Optics setup fo dimensional stability testing.Optics setup fo dimensional stability testing.

PMIC understands that convenience and traceability are important to customers.  Additional services are made available wherever space and time allow so that PMIC can assist customers with all their needs.



PMIC offers specimen machining and preparation for a majority of customer materials.  Partnering in-house machining capabilities with local high-quality machine shops, PMIC can make sure materials are ready for test to specific tolerances.  Specimen machining can add to overall lead time and cost.



PMIC is over 80 % staffed by OSU alumni and continues to reach out to the College of Engineering for access to the university’s array of laboratory equipment.   PMIC follows ISO/IEC 17025 requirements for off-site testing when completing contracts at OSU.

PMIC wants to provide convenience to customers. For testing which cannot be completed in-house, PMIC has several industry partners with a multitude of capabilities. Per ISO/IEC 17025, PMIC always informs customers when testing is subcontracted. Where possible, all subcontracting is performed by another ISO/IEC 17025 accredited laboratory. PMIC may subcontract or consult with field experts for non-standard and experimental testing.


TDTR testing can be performed over the temperature range of 296 K to 623 K (23 °C to 350 °C). It is a method to determine the thermal conductivity of thin films up to several hundred µm thick. Specimens must have optically smooth surfaces: mirror-like, 15 µm RMS roughness, with flat and uniform thickness.  The volumetric heat capacity (VHC) must be specified for each specimen.  Dr. Cahill has partnered with PMIC to offer this testing to customers with thin films and performs testing as a subcontractor.


Progression of sample compression showing visual analysis of thickness changing by 0.252 mm.
Figure 1: Progression of sample compression. Nominal sample thickness in (1) is 0.85 mm, final compression thickness in (4) is 0.59 mm.

Vision system optics and electronics have been used to calibrate antenna structures, measure in-situ thickness as compression force and temperature are changed (Figure 1). Visual systems have also been used to record apparent changes during Thermal Shock testing.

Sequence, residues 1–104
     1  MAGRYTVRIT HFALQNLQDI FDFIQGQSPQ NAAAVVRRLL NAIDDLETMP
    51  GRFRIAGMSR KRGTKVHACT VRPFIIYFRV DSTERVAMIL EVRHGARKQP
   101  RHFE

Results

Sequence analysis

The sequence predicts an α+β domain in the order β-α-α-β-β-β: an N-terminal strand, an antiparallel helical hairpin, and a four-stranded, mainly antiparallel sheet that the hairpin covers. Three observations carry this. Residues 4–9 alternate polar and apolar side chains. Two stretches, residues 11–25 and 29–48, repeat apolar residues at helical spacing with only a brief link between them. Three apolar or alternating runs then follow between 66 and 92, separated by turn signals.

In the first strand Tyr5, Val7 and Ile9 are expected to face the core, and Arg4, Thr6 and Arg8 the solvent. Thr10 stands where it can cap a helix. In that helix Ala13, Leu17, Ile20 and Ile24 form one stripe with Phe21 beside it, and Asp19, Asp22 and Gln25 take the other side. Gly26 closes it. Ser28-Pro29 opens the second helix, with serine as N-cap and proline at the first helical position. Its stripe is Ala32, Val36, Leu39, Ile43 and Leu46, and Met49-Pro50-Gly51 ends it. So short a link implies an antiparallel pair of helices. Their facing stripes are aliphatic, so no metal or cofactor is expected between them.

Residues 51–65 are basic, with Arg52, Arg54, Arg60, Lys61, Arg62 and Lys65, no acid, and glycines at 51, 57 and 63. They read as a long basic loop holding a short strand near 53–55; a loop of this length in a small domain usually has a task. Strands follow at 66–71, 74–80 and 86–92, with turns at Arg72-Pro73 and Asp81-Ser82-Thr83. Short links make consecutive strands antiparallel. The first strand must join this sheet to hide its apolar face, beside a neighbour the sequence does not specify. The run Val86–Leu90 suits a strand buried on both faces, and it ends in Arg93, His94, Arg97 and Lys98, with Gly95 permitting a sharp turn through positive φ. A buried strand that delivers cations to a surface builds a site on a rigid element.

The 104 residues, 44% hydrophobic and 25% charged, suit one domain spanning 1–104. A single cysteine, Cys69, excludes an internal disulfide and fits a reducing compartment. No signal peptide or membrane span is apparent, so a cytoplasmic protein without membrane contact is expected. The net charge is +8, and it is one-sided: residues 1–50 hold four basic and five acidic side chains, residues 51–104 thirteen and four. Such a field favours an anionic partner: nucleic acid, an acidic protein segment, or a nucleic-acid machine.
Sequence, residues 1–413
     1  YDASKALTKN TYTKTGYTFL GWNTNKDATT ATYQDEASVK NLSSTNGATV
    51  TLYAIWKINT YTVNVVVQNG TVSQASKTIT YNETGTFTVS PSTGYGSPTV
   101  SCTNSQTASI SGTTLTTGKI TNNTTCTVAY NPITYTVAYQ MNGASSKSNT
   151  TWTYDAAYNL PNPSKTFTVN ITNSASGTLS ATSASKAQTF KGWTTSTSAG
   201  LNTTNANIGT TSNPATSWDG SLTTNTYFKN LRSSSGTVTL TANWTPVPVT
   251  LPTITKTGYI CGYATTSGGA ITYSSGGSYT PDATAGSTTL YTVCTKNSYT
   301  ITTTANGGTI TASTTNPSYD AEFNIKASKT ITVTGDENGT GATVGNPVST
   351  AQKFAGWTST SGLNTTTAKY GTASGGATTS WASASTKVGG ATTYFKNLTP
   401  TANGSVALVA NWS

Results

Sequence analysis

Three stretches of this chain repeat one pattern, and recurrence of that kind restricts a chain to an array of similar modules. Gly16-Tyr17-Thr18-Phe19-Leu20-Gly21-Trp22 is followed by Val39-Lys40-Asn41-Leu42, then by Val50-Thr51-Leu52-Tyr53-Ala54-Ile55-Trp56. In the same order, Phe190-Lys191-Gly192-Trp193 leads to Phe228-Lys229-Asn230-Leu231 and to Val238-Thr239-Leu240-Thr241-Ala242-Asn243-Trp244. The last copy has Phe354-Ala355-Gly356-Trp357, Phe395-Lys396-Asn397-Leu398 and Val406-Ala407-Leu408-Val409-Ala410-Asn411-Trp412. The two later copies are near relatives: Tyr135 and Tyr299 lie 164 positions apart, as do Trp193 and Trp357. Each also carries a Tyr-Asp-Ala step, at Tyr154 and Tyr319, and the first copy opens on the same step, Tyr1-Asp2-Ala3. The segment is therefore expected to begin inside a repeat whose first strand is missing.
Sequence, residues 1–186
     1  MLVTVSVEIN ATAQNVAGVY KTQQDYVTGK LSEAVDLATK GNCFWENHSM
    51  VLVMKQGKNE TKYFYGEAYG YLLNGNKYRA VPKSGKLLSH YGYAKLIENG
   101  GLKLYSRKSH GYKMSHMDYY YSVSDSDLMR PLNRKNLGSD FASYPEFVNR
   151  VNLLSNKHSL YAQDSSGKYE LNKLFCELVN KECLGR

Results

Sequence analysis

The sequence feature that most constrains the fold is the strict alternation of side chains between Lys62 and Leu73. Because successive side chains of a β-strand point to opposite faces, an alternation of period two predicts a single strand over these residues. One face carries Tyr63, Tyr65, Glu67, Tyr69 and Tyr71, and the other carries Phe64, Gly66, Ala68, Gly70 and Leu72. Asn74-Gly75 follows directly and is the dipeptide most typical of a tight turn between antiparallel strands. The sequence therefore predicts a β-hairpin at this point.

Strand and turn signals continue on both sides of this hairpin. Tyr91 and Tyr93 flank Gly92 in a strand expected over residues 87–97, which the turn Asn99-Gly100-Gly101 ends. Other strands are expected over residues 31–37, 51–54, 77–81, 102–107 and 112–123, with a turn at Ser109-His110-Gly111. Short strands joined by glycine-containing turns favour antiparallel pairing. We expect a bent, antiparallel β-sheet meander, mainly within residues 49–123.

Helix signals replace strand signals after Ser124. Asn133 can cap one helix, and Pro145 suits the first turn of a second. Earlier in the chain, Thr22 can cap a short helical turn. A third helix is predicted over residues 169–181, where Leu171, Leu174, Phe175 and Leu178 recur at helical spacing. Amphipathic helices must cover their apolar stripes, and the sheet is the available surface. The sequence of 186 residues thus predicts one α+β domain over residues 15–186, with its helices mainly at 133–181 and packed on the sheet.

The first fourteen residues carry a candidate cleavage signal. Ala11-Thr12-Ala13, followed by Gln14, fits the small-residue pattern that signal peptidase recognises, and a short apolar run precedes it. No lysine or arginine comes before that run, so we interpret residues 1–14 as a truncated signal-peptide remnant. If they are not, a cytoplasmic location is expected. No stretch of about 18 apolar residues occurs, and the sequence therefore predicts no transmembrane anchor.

Flight component assemply set-up for testing prior to being placed in the test system.
Figure 2: Customer engineers stay on-site to activate the flight components while the assembly is in the test chamber at temperature.

Thermal distortion, such as creep, bend, and twist of structures and components can be analyzed as a function of temperature. Dimensional stability measurements use optical levers and interferometry simultaneously to measure angle and length change. Chambers are customized to the customer’s unique parts (Figure 2) as necessary. Currently, PMIC has chambers for structures up to 2.4 m (8’), as well as powered mechanisms and flight component-capable chambers. The normal temperature range for this testing is 88 K to 458 K (-185 °C to 185 °C) with extended temperature ranges ready for development.

Dimensional stability and thermal distortion testing are critical to assuring engineering precision in limited tolerance designs.

Other tools may include gauge block comparators, modified differential Michelson interferometers, differential LVDT dilatometers, Fraunhofer-Fresnel diffraction-based gages, and Fabry-Perot interferometers.


PMIC has extensive experience in the use of PZT driven E/O modulators and optical positioning devices.
Other test techniques include strain gages and autocollimators.



ARAMIS Camera by Trilion
The optical capabilities of the Trilion ARAMIS offer an expansion of PMIC’s abilities to measure and characterize strain and displacement during testing. ARAMIS can provide accurate measurement resolution of coordinates, displacements, velocities, accelerations, surface strain in both standard and experimental testing. The image mapping and custom calculations features allow PMIC to enhance a number of test features. ARAMIS is a feature of PMIC’s mechanical test system for Poisson’s ratio, Young’s modulus, limit curve, shear modulus, and residual stress analysis. An example is available on the Mechanical Testing Services Page. PMIC is ready to use this tool to enhance visual analysis and understanding in other testing.